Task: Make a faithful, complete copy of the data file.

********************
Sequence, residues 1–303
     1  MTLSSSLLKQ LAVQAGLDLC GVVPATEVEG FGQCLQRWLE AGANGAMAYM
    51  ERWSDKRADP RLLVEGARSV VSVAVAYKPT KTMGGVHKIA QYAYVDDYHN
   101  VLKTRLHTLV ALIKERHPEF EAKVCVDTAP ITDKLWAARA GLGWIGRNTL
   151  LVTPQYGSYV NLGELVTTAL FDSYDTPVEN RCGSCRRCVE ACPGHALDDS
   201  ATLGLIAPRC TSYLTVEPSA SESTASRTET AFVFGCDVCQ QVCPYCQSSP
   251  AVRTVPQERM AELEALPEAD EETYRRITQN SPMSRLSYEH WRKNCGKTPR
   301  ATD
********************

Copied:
Sequence, residues 1–303
     1  MTLSSSLLKQ LAVQAGLDLC GVVPATEVEG FGQCLQRWLE AGANGAMAYM
    51  ERWSDKRADP RLLVEGARSV VSVAVAYKPT KTMGGVHKIA QYAYVDDYHN
   101  VLKTRLHTLV ALIKERHPEF EAKVCVDTAP ITDKLWAARA GLGWIGRNTL
   151  LVTPQYGSYV NLGELVTTAL FDSYDTPVEN RCGSCRRCVE ACPGHALDDS
   201  ATLGLIAPRC TSYLTVEPSA SESTASRTET AFVFGCDVCQ QVCPYCQSSP
   251  AVRTVPQERM AELEALPEAD EETYRRITQN SPMSRLSYEH WRKNCGKTPR
   301  ATD